This Week's Gardening Tips from the Savvygardener
Savvygardener.com Missouri Organic Mulch, Compost, Bulk Soil
 
In This Issue
~ Heirloom Tomato Seeds ~ Blister Beetles On Tomatoes ~ Herb Helpers
~ Colorful Closers ~ Making The Cut ~ Wake-Up Sleepy Turf
~ Tater Tidbits ~ ~ Inspiration
 
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This Week's Photos

~ August 20, 2008 ~

Time For Change...
It is time for change. No, I am not running for President but I am tired of looking at those summer annuals. Time to bring new life to the garden by adding some new colors and textures. "How?" you might ask. Try planting pansies,mums and asters. Not only will these plants bring new life to the garden, you should seem them in pots. You will be amazed at how adding these beauties will give you a garden pick-me-up. Since it feels like fall, I am thinking and planting like fall.

OK, we can't seem to grow vegetables. In May we planted peppers, watermelon and cantaloupe. Lots of blossoms, no fruit. Kevin and I have come to the conclusion that the area we planted these plants in is not getting enough sun. So... another lesson learned. We will keep trying although vegetables are not our strong suit. We are more of the "Oh, that flower is the prettiest I've seen" gardeners. Neither good nor bad, just the way we seem to be.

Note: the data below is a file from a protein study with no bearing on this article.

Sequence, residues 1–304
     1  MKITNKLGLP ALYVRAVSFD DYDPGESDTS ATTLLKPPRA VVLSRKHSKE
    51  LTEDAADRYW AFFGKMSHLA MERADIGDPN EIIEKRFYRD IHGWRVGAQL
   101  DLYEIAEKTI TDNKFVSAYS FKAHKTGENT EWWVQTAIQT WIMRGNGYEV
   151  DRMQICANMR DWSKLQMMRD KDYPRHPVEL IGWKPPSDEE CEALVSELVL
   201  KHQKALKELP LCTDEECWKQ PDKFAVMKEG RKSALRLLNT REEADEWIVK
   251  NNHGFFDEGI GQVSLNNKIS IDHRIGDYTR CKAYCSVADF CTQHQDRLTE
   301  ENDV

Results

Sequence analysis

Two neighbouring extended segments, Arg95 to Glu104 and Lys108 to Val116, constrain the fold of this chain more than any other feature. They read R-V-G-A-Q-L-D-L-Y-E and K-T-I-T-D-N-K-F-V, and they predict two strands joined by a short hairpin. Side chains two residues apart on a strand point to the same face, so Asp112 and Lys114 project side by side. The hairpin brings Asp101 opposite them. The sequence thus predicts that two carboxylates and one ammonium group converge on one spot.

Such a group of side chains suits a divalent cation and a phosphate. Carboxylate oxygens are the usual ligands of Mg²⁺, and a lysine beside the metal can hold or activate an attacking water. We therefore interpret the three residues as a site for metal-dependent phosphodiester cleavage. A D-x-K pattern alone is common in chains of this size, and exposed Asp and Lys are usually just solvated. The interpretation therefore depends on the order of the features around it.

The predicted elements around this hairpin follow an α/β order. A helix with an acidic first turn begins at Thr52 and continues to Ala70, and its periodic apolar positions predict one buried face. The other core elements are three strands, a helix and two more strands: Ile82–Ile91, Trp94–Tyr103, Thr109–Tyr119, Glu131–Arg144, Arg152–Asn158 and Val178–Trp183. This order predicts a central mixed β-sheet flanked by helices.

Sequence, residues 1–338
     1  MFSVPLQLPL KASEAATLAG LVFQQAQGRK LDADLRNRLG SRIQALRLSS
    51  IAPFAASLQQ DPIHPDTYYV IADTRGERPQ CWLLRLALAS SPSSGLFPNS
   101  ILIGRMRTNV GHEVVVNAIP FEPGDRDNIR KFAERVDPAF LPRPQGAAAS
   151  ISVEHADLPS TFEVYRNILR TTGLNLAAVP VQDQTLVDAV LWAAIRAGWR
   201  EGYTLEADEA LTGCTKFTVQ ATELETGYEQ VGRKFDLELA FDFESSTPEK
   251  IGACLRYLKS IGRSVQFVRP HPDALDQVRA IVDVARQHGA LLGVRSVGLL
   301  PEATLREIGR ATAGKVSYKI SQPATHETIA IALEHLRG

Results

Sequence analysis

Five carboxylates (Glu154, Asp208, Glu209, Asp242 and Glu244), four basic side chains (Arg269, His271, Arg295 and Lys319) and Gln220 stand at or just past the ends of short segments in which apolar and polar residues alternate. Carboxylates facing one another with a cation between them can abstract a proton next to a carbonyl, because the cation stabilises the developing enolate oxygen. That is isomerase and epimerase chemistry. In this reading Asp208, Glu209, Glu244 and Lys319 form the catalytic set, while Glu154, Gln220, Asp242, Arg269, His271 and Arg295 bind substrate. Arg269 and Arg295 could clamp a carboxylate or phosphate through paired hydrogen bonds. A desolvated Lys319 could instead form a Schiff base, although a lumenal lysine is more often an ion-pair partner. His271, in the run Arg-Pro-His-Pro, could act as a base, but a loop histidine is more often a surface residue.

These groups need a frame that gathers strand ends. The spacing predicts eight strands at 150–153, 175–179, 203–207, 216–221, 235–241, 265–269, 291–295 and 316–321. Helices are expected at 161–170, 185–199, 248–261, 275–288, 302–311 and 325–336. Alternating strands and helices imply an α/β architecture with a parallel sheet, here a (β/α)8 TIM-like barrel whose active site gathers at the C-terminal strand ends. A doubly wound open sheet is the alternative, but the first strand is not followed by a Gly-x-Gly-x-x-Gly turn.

We may get some rain, we may not. Doesn't matter to me right now. Too happy with the weather to be complaining.

~ Shelly   

Heirloom Tomato Seeds...
Heirloom Tomatoes have been increasing in popularity recently.  Saving seeds from these oldies-but-goodies is a great idea but maybe not as simple as you think.  First of all you need to take some precautions to prevent cross-pollination from other tomato varieties nearby or the seeds may not produce the tomato you wanted. If you grow more than one variety of tomato, they should be planted at least 20-25 feet apart. In addition, a tall barrier crop (corn, pole beans, fruit trees, etc), or a continuous pollen-producing crop (squash) should be planted between varieties to distract the bees. These precautions will prevent most wind caused cross-pollination, and cause bees to visit only one tomato variety at a time before returning to the hive to clean off their collected pollen.

Save the seeds from healthy plants with the best fruit quality. Pick the fruit when ripe, scoop out seeds and pulp into a bowl with a little water then leave to ferment for 4 days (no longer or some heirlooms will begin to sprout). Separate out seed from pulp, rinse the seeds, then dry them on paper towels or a screen in a warm, dry place with good air circulation (try outdoors on warm summer or fall days). After 5-7 days, place seeds in airtight containers (plastic film canisters are good) and store indoors in a dark, cool, dry place. If properly stored, your seeds should remain viable for 3-5 years.

Source

Colorful Closers...
Mums are a gardener's best friend in the fall.  As the latest blooming flowers they provide color and beauty to a garden that has otherwise been worn out for the season.